Understanding Customer Membership Programs and Accounts

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Customer Membership Programs and Accounts

Customer membership programs and rebate programs are initiatives sponsored by retailers and/or third parties that provide benefits to identified customers.  The customer membership programs involve registering consumers and, optionally charging them a fee to receive special rewards.  Rewards are benefits that may be earned and accumulated over time for subsequent redemption (deferred rewards) or they may be benefits that are earned and redeemed as discounts in the same transaction (instant rewards).  The entities here identify, define and describe the programs and associated customer accounts used to:

Identify, authenticate and authorize customer activities related to accruing and spending rewards;

Qualify customers to receive discretionary rewards (i.e. membership is one of the eligibility criteria required to earn a reward); and

Provide a place to store and accumulate reward earnings, redemption transactions and adjustments plus an ongoing balance of available reward value;

In the new version of the ARTS ODM membership accounts and programs replace loyalty accounts and programs.  The purpose of this change is to provide entities that can represent both paid subscription programs as well as free loyalty programs.  As modeled, retailers may establish a number of different paid and free programs.

This new version of ARTS also extends the promotion centered application of eligibility rules, reward derivation rules and redemption transactions to include a broad range of customer membership types.  In the prior versions of the ARTS ODM, rewards represented only transaction bounded point of sale markdown derivations.  In this version rewards can handle intra-transaction point of sale markdowns plus customer membership based discounts, manufacturer rebates and different combinations of rewards.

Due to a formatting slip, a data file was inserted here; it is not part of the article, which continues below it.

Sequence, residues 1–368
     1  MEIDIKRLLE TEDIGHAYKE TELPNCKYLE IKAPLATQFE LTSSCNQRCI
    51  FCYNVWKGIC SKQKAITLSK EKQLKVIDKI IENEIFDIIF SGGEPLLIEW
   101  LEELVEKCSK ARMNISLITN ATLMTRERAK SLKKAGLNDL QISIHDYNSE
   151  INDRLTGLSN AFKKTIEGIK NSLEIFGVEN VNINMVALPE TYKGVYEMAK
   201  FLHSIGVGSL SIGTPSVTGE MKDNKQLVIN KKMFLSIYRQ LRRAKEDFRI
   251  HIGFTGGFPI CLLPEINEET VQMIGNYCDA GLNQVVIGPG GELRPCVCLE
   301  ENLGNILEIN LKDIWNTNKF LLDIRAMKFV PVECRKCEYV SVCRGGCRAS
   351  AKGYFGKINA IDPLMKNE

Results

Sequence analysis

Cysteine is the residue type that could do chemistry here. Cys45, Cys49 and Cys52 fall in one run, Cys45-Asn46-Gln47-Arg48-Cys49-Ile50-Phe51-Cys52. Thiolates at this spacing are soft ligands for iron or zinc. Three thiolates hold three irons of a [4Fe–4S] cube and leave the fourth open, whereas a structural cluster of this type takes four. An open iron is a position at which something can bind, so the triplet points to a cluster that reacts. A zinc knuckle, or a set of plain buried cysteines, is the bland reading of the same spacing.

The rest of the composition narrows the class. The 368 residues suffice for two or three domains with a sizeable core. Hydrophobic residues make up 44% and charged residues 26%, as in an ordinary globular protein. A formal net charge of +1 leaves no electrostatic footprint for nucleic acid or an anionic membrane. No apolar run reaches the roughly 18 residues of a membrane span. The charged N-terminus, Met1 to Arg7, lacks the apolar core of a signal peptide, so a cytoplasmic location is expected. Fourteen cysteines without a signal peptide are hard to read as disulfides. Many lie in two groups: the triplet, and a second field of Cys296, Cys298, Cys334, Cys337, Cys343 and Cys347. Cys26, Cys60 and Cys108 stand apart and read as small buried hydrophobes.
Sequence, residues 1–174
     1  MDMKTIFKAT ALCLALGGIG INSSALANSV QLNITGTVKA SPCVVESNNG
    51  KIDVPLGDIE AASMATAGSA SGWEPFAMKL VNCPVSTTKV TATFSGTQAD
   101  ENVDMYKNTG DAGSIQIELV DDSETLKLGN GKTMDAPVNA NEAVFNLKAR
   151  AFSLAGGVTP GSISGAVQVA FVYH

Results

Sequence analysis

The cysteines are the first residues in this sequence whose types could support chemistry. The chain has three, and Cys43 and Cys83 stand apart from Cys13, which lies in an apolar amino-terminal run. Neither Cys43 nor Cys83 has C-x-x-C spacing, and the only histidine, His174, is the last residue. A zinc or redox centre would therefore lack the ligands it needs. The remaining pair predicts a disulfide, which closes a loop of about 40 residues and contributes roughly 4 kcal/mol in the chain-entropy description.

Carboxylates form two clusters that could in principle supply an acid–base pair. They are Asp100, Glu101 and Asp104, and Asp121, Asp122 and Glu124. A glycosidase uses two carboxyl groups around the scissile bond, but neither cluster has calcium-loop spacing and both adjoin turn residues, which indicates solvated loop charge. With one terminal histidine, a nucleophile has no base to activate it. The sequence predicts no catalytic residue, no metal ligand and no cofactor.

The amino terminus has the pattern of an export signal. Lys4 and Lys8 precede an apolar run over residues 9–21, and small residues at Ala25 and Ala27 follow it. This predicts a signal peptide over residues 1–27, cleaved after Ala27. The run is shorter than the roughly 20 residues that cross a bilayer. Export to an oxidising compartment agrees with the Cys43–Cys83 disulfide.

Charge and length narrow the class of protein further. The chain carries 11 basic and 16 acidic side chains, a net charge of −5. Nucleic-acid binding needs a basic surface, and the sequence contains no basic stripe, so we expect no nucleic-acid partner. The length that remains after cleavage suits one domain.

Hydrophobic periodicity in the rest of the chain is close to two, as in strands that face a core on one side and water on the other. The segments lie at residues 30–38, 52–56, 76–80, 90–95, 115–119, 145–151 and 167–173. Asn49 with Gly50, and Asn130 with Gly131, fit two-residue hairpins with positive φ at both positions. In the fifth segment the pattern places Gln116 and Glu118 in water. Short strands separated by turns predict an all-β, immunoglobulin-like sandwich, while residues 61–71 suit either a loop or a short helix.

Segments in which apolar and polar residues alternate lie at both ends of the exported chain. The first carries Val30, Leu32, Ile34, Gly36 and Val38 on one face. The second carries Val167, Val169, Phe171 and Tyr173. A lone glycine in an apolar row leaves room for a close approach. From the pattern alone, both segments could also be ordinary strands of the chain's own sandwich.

Rebate Program

A RebateProgram is a planned set of offers and activities designed to refund cash, merchandise credit, voucher , stored value instrument, etc. to customers who purchase products and services and in so doing satisfy a set of rules defined by the RebateSponsor.  Rebate programs may be sponsored by manufacturers, suppliers, utility companies, healthcare companies and public agencies or the retailer itself.  Rebate programs may be designed to achieve different outcomes such as increasing sales volume, decreasing the use of electricity, gas, oil and other kinds of energy, promoting healthy living habits, etc.  Rebate programs may or may not require customers to be enrolled in retailer customer membership programs (hence the optional FK to CustomerMembershipProgram).

When established and funded by a retailer, a rebate is functionally equivalent to a discount (i.e. it involves a reduction in the retail price charged at the point of sale and reflects a reduction in the retail BASIS for stock ledger reporting and tax purposes).  The RebateSponsor is the organization that pays for the cash back benefit received by a customer.  The RebateProcessor is the organization that handles rebate claims, makes payments and other administration activities. RebateSponsor and RebateProcessor are both subtypes of PartyRoleAssignment (see Logical 06310 - Party - Role View for details on parties and roles).

Figure 25 - ARTS Customer Membership Programs and Accounts